Why Do Fellow Fanboys Spoil Movies Before Their Release? | Fanboys Anonymous

Why Do Fellow Fanboys Spoil Movies Before Their Release?

Posted by Unknown Saturday, May 10, 2014
Spoilers are abhorrent acts by trolls, misfits, and sociopaths meant to ruin the joy of surprise and intrigue for adult nerds and innocent children alike. The one exception to this definition is comic book films (and other films that revolve around geekdom). Every detail of comic book films are fair game.

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Casting: Star Wars: Episode VII Cast Announced

Plot: Rumor: Some Massive Possible Man Of Steel 2 Spoilers

Costumes: Is That Ultron In Unofficial “Avengers: Age of Ultron” Photos?

But should it be this way?

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Comic book fans are difficult to please. There are several iterations of characters spanning decades of epic tales that no single story can cover. This fact doesn’t stop the criticism from fans that complain about the depiction of a given universe in a comic book film. Perhaps this is the reason that spoilers are considered acceptable for comic book films: by unearthing all of the imperfections, fans can influence studios to avoid the pitfalls of comic book film disasters such as R.I.P.D., Catwoman, Superman IV, Green Lantern, Fantastic Four, and many other atrocious films adaptations. A commendable goal that sometimes pay dividends.

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Ninja Turtles, the film remake of the iconic Teenage Mutant Ninja Turtles franchise, was widely rumored to feature the reptilian heroes as aliens rather than the original story of a radioactive mutagen creating their humanoid figures. Most pundits believed this direction would have been a horrible mistake which likely led to a change of heart by Bay and Paramount Pictures.

Thanks to the reaction of fans, the Teenage Mutant Ninja Turtles are mutants once again (although created by the Shredder; a complaint for a different day)!

Spoilers can serve the purpose of improving films but we must also consider the opposite effect - what if something really amazing was spoiled and the studio was forced to take a different direction because of the leak?

In the case of The Hateful Eight, Quentin Tarantino immediately halted all work on the film after a draft of the entire script was leaked to the public in January 2014. A live reading of the revised script by the intended cast was performed in April 2014 so perhaps Tarantino will continue the project, but this is clearly worst case scenario for a leak gone awry.

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Studios that produce comic book films have gone out of their way to avoid heavy spoilers by doing a lot of the heavy lifting themselves. For example, Columbia Pictures announced plans to produce Amazing Spider Man 3, Amazing Spider Man 4, a Sinister Six spin off, and a Venom-Carnage spin off before Amazing Spider Man 2 was released. These announcements serve the purpose of gauging reaction from key demographics, and minimizing the impact of leaks that are sure to come. This tends to shift the opinions of fans before films are available for public consumption which could drastically affect what stays in the film and what gets cut (*cough* Mary Jane *cough*). It’s a double edged sword that we should keep in mind going forward.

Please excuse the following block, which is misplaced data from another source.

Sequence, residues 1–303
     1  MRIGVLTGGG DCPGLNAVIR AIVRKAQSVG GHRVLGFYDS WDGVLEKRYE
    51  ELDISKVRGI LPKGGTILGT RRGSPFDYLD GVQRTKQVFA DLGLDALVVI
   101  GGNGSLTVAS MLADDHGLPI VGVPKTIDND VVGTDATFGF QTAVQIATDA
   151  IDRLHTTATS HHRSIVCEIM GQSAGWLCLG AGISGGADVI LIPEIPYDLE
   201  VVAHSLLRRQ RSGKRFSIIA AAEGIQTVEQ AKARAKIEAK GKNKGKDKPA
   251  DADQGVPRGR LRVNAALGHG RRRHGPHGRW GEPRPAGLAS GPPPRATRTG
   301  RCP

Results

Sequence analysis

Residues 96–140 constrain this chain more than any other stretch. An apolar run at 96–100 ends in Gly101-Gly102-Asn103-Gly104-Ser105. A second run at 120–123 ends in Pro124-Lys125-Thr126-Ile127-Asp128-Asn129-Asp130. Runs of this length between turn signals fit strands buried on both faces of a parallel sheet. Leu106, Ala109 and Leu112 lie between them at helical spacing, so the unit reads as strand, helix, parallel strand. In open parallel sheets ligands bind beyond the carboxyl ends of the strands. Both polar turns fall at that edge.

Perhaps most shocking is the fact that we no longer seem satisfied to simply experience comic book films. We squeeze out every detail possible before release just to see if what’s on screen matches what we imagine in our heads. What’s wrong with waiting to learn Star Wars: Episode VII will feature former Star Wars cast members near the release date in December 2015? The Star Wars hype train won’t be out of coal by that time, but it will take several more leaks to maintain momentum which will basically tell us the plot of the entire film before we see it in theaters.

I’m not saying it’s wrong but maybe we shouldn’t want spoilers to become the new normal. Part of what makes these movie experiences so great is the unexpected. Movies are sometimes going to be horrible no matter how loud our collective voices are, but there’s no point in spoiling the details of a great film for ourselves. Perhaps the pendulum has swung too far. Now the best way to enjoy a movie intended for fanboys is not to be a fanboy at all.

Is this an overreaction to the inevitable consequences of social media in the news cycle, or a rational response to knowing nearly every detail of a movie before walking in? Let us know what you think in the comments.

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